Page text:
When a local art group lures an international superstar like Ai Weiwei to its birthday celebrations, that’s impressive. New York’s Public Art Fund (PAF) has done just that to celebrate 40 years of commissioning artists to make site-specific pieces for New Yorkers to enjoy. Returning to the city this month, Ai Weiwei says: ‘I never expected this Public Art Fund commission. I left New York with nothing. New York is not a romantic city but this is like coming back to an old lover. Today, I arrived, had bagel and lox, tea with milk, and fell in love again!’
How did PAF achieve such global respect? Founded in 1977 by Doris Freedman (1928–81), who was New York City’s first Director of Cultural Affairs, her daughter Susan Freedman took up her baton and is President today. ‘My mother was passionate about the arts. She wanted to bring art out of the museums and concert halls and into the streets, bring it to the public. She wanted to give artists the opportunity to engage with the public.’
Susan Freedman says PAF came out of the 1960s ‘happenings in the street’ and was ‘a whole new way of engaging artists in the city’. Until then public art had been about ‘statuary and memorials, a fountain design, a relief on a building’. When she took over her mother’s role she had worked for the city commissioning art and acquired a vital skill: knowing how the city government functioned, ‘which put me in a good position to negotiate permits, approvals, etc’.
Looking back over her years of bringing artists to New Yorkers in public spaces, Freedman picks out some favourite memories. Her voice lifts as she talks about Louise Bourgeois’s installation of a 30-foot-tall ‘mother’ spider with two smaller ones at the Rockefeller Center in the summer of 2001, ‘I thought that was extraordinary, spiders making their way through the New York streets.’ She is still excited by the early PAF project ‘Messages to the Public’ (1982–90), when 70 artists contributed to an 800-square-foot animated light board in Times Square. When Ugo Rondinone created nine colossal stone figures that stood like ancient sentries guarding Rockefeller Plaza in 2013, ‘he’d never worked in stone before. It kicked off a whole new body of work leading to his magic mountains.’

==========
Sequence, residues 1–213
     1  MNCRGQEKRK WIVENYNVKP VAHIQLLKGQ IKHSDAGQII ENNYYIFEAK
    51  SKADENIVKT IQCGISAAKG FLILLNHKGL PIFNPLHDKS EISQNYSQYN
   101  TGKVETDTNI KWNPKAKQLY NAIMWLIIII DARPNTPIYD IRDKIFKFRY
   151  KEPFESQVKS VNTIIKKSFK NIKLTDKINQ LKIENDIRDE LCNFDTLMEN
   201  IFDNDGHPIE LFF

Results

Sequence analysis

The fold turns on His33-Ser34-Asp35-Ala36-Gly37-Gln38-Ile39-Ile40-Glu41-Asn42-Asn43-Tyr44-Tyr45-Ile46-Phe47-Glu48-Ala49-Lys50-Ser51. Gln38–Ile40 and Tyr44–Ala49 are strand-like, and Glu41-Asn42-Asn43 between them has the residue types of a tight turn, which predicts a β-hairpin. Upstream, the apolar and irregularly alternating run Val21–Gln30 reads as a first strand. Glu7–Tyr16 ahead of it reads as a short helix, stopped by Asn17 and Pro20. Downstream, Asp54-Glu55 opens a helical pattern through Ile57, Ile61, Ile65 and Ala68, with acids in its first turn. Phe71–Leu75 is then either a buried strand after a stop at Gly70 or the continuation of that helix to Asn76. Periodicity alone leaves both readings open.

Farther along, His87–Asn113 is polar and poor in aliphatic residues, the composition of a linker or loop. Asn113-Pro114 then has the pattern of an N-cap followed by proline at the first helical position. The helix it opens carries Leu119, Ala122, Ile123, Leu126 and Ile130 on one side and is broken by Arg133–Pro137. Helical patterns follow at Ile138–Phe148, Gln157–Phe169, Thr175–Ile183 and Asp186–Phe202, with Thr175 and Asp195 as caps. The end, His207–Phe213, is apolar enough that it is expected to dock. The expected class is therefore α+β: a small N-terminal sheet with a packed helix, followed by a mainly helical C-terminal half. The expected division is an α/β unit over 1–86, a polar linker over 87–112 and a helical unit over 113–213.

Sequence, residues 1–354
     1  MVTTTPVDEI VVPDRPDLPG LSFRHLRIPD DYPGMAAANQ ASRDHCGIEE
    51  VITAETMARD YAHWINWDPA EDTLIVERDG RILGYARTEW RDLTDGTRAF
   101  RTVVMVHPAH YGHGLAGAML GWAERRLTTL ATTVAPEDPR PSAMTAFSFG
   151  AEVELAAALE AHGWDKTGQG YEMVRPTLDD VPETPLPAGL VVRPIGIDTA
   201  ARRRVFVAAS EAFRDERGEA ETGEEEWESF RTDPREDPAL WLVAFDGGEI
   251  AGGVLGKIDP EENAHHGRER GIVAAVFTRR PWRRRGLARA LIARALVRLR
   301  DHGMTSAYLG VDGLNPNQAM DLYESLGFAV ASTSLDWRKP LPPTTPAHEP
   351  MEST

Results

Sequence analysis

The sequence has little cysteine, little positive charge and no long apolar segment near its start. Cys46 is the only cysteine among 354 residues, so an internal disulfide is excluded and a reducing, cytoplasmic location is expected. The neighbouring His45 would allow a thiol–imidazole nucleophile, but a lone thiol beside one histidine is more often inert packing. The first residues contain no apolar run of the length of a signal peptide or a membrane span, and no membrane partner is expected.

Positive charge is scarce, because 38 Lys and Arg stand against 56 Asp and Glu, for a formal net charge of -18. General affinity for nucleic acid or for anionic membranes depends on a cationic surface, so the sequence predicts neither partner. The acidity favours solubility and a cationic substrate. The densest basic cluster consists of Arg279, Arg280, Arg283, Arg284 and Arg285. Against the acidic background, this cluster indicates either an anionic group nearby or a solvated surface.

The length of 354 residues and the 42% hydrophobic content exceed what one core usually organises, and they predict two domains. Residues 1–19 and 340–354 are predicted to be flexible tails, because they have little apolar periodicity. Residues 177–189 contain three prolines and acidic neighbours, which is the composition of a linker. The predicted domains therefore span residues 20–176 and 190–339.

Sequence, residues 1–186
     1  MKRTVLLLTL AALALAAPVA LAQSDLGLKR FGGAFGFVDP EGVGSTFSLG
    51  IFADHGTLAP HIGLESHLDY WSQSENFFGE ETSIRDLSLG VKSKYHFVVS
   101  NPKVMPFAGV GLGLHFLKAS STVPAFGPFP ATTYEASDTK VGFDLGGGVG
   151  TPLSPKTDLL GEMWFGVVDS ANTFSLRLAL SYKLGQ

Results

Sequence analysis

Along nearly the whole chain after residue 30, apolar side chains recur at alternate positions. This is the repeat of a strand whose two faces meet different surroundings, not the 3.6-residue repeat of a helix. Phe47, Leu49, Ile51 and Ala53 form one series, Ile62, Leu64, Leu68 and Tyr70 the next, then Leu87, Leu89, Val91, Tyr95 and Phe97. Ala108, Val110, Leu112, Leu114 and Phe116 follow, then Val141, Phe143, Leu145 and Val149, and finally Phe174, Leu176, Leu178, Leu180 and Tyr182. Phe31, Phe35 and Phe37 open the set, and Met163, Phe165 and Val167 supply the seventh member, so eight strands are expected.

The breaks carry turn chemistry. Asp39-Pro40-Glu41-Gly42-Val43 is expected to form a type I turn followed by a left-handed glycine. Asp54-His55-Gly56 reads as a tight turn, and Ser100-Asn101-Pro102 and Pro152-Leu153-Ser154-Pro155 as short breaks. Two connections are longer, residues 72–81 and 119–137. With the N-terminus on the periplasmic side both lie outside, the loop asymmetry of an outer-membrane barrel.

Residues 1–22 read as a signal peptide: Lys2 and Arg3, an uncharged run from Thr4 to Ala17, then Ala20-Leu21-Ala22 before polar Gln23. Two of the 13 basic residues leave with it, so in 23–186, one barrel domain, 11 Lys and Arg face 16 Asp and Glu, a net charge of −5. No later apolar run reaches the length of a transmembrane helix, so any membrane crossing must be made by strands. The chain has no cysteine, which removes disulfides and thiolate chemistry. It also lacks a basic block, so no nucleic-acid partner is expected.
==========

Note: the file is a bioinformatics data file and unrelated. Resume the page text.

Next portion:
Nicholas Baume is director and chief curator of PAF, which now has a staff of 20 and is still funded by private donations. The 40th birthday celebrations are city-wide. Already New Yorkers can enjoy Anish Kapoor’s Descension, a spiralling funnel of water, which is having its first US showing at Brooklyn Bridge Park, pushing the artist’s exploration of the limits of perception in a new direction. Liz Glynn’s Open House (until September 24), installed at the south-east entrance to Central Park, refers to the opulent ballroom of William Whitney’s now demolished Gilded Age mansion, suggesting that the park is now the people’s ballroom while noting the widening gap between the city’s rich and poor. Katja Novitskova’s Earth Potential comprises digitally-printed images of the earth, celestial objects, and terrestrial organisms arranged on seven large aluminium sculptures in City Hall Park..
But it is Ai Weiwei’s city-wide piece (opening October 12) that New Yorkers will encounter without even looking for it. Called Good Fences Make Good Neighbours, it is inspired by the international migration crisis and the resulting social and political battles all over the world. Across the city, the keen-eyed will spot a grill here, a cage there, a closure where usually there is an opening. Sites include Essex Street Market, the Cooper Union building, bus shelters, and a number of parks.
Baume says the work ‘draws together so many aspects of Ai Weiwei’s life’ – as a child he saw his father, a respected cultural figure in pre-revolutionary China, take work as a toilet cleaner; later, as an adult he intentionally chose New York to live for a decade because it was, he says, ‘the most reviled city by the Chinese’. ‘Today’, says Baume ‘so many of us are immigrants but now in the US we are in a moment of turning away from this.’
Ai Weiwei’s takes up his theme. ‘What is important to remember is that while barriers have been used to divide us, as humans we are all the same. Some are more privileged than others, but with the privilege comes a responsibility to do more.’
The loss of the National Glass Centre would be a shattering blow